Sara M. from Philadelphia struggled with clogged ducts and mastitis while nursing her 9-month-old son. "This might sound hokey but patience and staying calm helped tremendously when I experienced a clogged duct," she says. "Time is not your friend in this situation and adding more stress and anxiety only makes it worse." She now takes soy lecithin to aid in emulsifying the fats in my milk (speak to your doctor for the right dosage for you), while warm Epsom salt baths and massage sometimes act as a quick-fix." Last but not least," she adds, "I have changed nursing positions or used gravity to hand-express in a table-top position during very challenging periods."
Take care of yourself
"I had no idea how physically draining or time-consuming breastfeeding would be, especially in the early months," Sara M. shares. "I learned very quickly to drink lots of water and energy-rich foods."
Melanie echoes this: "Drink a lot of water! A lot! I learned this the hard way. I also drank a lactation tea daily and I thought that helped. And it tasted good too."
Sara S. learned very quickly that with her and husband working full-time, there wasn't much room for "me time." "After a minor meltdown, my husband and I now take turns taking care of ourselves," she says. "He can meet his friend at the bar one day, if I can have an hour to go shopping the next. Time like this, while seemingly minor, is imperative—for our relationship, and our sanity."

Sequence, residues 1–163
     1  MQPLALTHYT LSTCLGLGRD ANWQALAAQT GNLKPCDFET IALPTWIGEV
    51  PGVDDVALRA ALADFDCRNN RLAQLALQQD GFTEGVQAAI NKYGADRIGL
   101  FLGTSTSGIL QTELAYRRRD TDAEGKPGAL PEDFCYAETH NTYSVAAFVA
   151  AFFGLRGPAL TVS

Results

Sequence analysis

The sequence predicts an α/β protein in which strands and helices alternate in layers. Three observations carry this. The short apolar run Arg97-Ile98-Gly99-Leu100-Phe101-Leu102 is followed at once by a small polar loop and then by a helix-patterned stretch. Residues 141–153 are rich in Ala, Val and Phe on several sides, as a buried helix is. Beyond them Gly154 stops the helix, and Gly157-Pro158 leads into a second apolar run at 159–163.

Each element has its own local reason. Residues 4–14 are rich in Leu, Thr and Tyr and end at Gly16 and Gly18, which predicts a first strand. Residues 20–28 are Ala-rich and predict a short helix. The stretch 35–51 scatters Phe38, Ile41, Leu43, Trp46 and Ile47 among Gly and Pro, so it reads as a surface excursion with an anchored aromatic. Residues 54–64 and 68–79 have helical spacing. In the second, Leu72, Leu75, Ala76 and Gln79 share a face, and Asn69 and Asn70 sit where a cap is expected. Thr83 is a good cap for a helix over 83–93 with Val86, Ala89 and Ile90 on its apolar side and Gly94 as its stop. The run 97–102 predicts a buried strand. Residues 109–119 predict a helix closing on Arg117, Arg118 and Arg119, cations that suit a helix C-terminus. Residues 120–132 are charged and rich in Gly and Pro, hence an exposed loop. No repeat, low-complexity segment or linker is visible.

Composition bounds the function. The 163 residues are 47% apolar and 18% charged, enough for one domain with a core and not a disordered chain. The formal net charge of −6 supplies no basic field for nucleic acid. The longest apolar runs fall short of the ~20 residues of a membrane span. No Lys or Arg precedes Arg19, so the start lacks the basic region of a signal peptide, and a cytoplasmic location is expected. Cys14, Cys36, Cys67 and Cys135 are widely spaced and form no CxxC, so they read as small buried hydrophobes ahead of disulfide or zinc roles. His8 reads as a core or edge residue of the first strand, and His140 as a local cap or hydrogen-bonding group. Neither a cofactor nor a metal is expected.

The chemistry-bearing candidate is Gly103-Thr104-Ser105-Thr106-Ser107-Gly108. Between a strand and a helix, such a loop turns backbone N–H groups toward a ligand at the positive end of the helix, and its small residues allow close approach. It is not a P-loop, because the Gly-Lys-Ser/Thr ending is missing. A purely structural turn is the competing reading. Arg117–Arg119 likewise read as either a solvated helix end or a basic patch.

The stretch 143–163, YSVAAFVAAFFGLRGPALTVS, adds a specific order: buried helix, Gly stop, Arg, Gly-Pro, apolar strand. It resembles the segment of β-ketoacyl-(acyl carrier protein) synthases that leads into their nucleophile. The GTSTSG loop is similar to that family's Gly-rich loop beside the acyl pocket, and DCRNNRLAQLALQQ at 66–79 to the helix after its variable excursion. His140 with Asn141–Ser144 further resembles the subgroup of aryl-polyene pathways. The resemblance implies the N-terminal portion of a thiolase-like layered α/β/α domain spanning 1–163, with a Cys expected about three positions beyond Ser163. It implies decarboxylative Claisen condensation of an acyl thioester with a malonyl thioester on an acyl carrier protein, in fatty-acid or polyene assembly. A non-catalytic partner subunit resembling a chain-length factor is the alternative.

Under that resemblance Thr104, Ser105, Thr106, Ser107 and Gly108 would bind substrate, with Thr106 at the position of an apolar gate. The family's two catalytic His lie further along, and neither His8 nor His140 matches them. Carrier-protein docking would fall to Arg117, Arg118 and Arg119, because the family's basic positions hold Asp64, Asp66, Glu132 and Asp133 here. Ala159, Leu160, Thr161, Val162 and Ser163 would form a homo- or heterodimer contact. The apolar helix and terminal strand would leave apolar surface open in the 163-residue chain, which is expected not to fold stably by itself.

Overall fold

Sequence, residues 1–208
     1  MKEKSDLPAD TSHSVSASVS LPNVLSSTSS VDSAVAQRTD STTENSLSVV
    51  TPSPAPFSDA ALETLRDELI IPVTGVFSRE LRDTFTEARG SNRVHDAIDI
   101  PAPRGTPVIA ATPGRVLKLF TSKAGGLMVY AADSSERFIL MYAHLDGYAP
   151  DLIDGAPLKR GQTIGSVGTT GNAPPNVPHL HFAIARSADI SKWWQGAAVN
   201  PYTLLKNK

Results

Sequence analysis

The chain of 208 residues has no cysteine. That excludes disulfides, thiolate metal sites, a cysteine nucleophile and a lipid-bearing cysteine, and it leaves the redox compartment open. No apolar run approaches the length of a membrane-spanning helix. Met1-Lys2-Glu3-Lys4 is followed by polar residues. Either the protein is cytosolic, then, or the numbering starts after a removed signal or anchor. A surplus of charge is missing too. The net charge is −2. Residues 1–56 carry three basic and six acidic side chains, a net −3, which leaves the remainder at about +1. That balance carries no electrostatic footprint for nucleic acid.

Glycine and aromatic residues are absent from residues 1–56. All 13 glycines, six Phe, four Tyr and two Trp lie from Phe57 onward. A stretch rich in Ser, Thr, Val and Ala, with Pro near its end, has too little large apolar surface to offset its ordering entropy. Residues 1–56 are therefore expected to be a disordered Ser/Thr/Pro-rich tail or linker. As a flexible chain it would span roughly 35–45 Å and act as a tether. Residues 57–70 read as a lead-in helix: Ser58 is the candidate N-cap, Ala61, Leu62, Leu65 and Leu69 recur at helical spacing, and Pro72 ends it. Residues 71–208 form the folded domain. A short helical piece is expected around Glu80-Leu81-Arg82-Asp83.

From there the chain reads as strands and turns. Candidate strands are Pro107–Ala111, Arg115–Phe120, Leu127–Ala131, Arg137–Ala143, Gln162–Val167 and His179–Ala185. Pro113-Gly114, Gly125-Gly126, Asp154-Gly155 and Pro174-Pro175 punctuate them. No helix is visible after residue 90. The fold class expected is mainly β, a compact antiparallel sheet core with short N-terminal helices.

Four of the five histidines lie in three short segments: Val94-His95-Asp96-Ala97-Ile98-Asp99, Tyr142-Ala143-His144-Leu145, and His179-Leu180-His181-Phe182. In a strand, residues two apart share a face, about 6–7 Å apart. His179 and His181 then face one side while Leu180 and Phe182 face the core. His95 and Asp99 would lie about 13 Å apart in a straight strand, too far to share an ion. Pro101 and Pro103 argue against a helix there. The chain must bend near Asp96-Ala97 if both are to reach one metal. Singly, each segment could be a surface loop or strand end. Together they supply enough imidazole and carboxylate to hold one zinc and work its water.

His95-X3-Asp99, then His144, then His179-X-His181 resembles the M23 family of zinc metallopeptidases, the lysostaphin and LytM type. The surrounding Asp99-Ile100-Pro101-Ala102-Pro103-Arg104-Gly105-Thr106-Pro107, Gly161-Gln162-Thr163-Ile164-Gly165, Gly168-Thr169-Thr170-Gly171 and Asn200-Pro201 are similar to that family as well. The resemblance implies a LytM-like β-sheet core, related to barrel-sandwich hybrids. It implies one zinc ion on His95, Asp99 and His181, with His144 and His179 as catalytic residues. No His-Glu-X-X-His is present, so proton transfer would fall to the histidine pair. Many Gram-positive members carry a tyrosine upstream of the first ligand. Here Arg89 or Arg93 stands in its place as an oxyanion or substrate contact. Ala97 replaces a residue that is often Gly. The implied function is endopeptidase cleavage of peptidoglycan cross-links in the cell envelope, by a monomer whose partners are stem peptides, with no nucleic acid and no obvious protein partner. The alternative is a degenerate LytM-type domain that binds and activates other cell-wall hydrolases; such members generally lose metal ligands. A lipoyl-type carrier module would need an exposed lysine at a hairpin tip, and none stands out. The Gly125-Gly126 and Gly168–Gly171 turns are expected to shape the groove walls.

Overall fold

"In a time when all I wanted to do was stop nursing, and cry, there was a room full of women [at my lactation support group] who had similar feelings," Charlene says. "So much information was shared regarding clogged ducts, mastitis, marathon feedings, pacifying verses feeding with purpose, feeling the need to cry, etc. Having that support was fantastic at a time when I really needed it."
Lesley P. from Yardley, Pa. also relied on her mom friends, since the birth of her now 17-month-old. "My friends and I started a group text string since we had babies all around the same age and we use each other as a sounding board," she says. "It provided the support we all needed but also lots of great tips and advice were exchanged. It got us all through some tough times and we are so happy to have each other to share in the successes."
Renee leaned on her hubby. "After my baby was old enough and was gaining enough weight to physically sleep through the night, my husband became the first line of defense when our newborn would wake up in the wee hours," she says. "He helped rule out every other option of what could be wrong—dirty diaper, sick, too hot/cold, baby just wanted comfort—before he would wake me up to nurse."
Lose the guilt
"When it was time to wean, I was surprised how sad I was that this part of our relationship was coming to an end so enjoy the experience as much as possible," Renee says. "Any amount of time that you can nurse—two days, two weeks or two years—benefits your child so don't be hard on yourself if you cannot nurse long term. Respect yourself and your body and when possible try to reflect on how empowering it is that you are the prime source of nutrition from when your child was just an egg through whenever you finish breastfeeding. Your body can do amazing things!"
Charlene recommends setting very small goals along the way—from one month to the next—and assess if it's working for you. "Realize that everyone's journey is different and don't ever feel guilty about what works for you and your child," she says. "Leave all the Judgy McJudgins out of your life—there isn't enough room for milk and madness at the same time."